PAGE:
While you probably know Dickinson for his Rock Star status, he also is the chairman of aircraft dealership Aeris Aviation. The Iron Maiden star
An aviation company chaired by the Iron Maiden frontman is losing millions of pounds because of a dispute over landing rights, he has claimed. Bruce Dickinson set up maintenance business Cardiff Aviation in 2012 at RAF St Athan, Vale of Glamorgan. He said it was after verbal assurances from the Welsh Government he could use a landing system that he still does not have access to.
The Welsh Government said it will discuss the issue with Mr Dickinson.
Mr Dickinson said the Ministry of Defence (which owns RAF St Athan) will not let the company use an instrument landing system (ILS). An ILS uses radio beams to give precision guidance to pilots as they approach the runway. Without it, Mr Dickinson said planes can only land and take off during week days, in office hours and in good visibility, which has stopped him being able to bid for lucrative contracts.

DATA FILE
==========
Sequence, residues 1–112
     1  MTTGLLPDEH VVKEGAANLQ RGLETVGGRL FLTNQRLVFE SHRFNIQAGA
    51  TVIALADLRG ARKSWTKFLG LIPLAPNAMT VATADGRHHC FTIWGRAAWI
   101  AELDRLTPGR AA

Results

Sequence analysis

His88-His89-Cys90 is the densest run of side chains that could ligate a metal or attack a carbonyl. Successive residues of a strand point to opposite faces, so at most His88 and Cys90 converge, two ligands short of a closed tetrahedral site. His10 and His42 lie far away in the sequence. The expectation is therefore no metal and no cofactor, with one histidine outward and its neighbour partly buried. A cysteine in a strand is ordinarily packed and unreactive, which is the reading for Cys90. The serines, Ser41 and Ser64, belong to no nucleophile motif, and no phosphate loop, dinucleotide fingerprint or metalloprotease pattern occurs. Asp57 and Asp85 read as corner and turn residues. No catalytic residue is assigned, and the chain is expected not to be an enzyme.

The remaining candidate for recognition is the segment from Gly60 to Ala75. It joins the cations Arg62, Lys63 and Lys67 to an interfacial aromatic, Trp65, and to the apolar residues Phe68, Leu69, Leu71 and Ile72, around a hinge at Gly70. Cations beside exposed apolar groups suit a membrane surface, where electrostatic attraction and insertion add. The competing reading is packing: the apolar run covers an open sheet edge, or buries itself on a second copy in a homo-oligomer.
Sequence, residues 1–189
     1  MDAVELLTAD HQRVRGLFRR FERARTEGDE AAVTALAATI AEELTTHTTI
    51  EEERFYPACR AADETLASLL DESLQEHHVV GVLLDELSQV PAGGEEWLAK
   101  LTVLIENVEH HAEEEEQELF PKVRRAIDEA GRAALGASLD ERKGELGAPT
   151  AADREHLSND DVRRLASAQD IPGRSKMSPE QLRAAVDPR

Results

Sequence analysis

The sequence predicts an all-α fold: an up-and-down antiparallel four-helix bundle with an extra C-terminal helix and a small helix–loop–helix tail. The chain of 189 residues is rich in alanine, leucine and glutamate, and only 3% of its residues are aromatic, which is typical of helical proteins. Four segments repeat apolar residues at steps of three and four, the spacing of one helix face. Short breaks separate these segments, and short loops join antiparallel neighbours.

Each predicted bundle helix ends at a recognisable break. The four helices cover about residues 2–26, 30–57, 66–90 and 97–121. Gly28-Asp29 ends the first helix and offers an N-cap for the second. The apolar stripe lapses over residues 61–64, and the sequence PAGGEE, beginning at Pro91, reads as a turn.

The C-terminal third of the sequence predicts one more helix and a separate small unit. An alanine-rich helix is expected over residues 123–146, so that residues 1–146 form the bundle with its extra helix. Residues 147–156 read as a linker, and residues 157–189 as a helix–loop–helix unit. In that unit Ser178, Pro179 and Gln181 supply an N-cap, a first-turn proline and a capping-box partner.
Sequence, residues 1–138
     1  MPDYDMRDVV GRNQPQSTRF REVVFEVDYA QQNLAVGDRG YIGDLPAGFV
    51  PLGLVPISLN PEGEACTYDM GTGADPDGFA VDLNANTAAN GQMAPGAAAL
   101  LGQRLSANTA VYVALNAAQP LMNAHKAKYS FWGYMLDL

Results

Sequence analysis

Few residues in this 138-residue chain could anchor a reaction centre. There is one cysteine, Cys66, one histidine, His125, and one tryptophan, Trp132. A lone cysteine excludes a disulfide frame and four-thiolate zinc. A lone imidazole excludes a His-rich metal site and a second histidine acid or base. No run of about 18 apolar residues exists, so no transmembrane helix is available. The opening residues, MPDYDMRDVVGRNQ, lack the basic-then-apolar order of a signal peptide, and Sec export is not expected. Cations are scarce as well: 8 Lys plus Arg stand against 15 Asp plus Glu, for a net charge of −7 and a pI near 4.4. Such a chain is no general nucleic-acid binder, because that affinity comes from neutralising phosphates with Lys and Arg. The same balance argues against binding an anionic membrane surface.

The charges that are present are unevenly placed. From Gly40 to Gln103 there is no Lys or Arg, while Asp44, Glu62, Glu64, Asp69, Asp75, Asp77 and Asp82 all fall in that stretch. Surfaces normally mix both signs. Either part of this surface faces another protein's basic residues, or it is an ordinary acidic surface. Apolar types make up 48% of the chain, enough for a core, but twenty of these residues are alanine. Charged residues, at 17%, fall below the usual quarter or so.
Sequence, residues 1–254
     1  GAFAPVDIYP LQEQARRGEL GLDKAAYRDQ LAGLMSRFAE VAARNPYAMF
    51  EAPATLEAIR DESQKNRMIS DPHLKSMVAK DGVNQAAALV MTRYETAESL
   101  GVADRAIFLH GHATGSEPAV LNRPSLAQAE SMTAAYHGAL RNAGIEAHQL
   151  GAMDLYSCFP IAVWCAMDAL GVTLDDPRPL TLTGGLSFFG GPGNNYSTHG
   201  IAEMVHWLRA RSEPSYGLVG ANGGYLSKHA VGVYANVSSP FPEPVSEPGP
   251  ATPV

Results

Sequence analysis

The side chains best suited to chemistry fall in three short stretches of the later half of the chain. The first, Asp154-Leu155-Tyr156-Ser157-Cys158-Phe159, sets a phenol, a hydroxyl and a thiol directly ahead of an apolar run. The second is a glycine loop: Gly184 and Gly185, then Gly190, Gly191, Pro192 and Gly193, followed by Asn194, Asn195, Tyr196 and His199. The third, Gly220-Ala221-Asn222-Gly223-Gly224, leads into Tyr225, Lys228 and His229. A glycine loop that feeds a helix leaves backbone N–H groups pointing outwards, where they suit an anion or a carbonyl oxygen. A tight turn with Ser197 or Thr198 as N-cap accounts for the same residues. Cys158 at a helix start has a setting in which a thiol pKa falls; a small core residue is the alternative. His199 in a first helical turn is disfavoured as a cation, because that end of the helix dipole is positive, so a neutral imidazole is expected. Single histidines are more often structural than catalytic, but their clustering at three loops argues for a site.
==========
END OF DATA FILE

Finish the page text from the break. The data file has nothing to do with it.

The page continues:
He said he needs planes to land 24 hours a day and will have a meeting with the Welsh Government to discuss the issue. A Welsh Government spokesman said it had worked closely with Cardiff Aviation and Mr Dickinson “for a number of years”. He added that officials will meet him next week to “discuss how we can continue to best support his business”.
“The introduction of an ILS procedure is a matter for the Ministry of Defence and we continue to lobby them on behalf of Cardiff Aviation and the wider enterprise zone to ensure a favourable outcome for what is one of Wales’ flagship industries,” he added.
The MoD has been asked to comment.